"Yesss..." Wittig dropped Matthew's hand and looked over his shoulder at Kiyone's impassive form. "So, Mr. Sheero, how... uh.. big do they get?"
"Big, sir? Well, the average is six-foot three, but I've seen some male Pumas top six-foot six."
"No, no." Wittig made cupping motions on front of his chest, which spawned an even darker look from the secretary. "How big?"
Matthew blinked, and then tried to pick his words carefully. "That... that really depends on the requirements of the buyer, sir. But all physical characteristics can be set before manufacture."
"Delicious," Wittig breathed.
"Of course," interjected one of the Mitsumi execs, "engineering constraints force us to require the replicant's dimensions be kept within certain limits. But I believe you will have more than enough leeway to ensure you complete satisfaction."
"Of course," repeated the VIP. He gave Kiyone one long detailing look.
Sorry, you can't have 'em hang to her knees, Matthew thought watching the other man's gaze travel up and down Kiyone's body. I should have brought Asuka for this, that would have been funny... well, maybe not.
The Mitsumi exec saw the intent of his gaze and, never one to pass up on a marketing opportunity, walked up to the Puma. "Needless to say, the Puma come complete with a full range of customizable aesthetic features. This fine model, for example, sports semi-thin navy blue hair, round emerald green eyes," his fingers traveled from Kiyone's hair to her chin. "an oval face shape, and a fair skin tint. These options can be adjusted to a wide variety of settings."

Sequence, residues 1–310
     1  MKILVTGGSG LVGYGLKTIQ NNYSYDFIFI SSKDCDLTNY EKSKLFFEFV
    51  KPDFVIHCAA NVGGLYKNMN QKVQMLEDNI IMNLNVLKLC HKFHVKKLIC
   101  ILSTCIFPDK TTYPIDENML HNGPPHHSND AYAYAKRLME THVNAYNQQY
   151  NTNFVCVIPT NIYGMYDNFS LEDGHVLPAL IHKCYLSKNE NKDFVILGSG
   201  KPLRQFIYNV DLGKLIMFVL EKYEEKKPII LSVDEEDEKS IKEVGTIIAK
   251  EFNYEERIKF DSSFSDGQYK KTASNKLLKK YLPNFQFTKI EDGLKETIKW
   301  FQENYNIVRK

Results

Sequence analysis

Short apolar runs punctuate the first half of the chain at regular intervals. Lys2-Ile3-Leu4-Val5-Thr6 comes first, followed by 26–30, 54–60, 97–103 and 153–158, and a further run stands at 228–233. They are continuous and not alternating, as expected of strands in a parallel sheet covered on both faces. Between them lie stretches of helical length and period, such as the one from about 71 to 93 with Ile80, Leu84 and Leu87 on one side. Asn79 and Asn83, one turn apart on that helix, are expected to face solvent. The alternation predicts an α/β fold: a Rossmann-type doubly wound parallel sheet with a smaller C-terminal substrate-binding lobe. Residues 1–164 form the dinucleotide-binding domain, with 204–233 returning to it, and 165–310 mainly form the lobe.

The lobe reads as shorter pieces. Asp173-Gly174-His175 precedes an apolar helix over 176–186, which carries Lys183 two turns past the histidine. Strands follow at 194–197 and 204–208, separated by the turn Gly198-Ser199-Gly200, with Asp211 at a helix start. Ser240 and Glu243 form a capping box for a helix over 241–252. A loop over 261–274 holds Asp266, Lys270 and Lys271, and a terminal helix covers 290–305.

Matthew turned his gaze to the floor. A full year of working with his charges and he still couldn't get used to someone rattling off design options like they were planning on buying a car and not a person.
The executive traced the curve of Kiyone's neck down to her breasts, sparking an audible sniff from the secretary. The replicant stood impassively, showing no reaction whatsoever to this treatment. "Overall weight, height, and body shape are customizable to some degree. The limits are in place to ensure the unit conforms to the standards set by Mitsumi for the Puma model and that its performance is not degraded by its aesthetics."
"Yes, I can see how that would be necessary," said Wittig.
The exec's hand fell as he continued his pitch. "For multiple orders, the customer can specify dimensions separately for each unit, request a set of identical models, or use our patented assortment mixing algorithm, which is guaranteed to provide an aesthetically pleasing group of individually different units. The algorithm can have any number of presets, but I like to give it full reign and see what it comes up with. It's more exciting, don't you think?"
"Oh yes," Wittig agreed.
Exciting... Matthew closed his eyes for a moment, thinking of the last time a Puma strike team had returned, covered in blood and gore. He'd lost one that day. Opening his eyes he noticed that the party of officials had moved on, with Wittig in animated conversation with the Mitsumi exec. The secretary trailed behind, still glaring at the synthetic. "Come on Kiyone," he said wearily, "let's go home."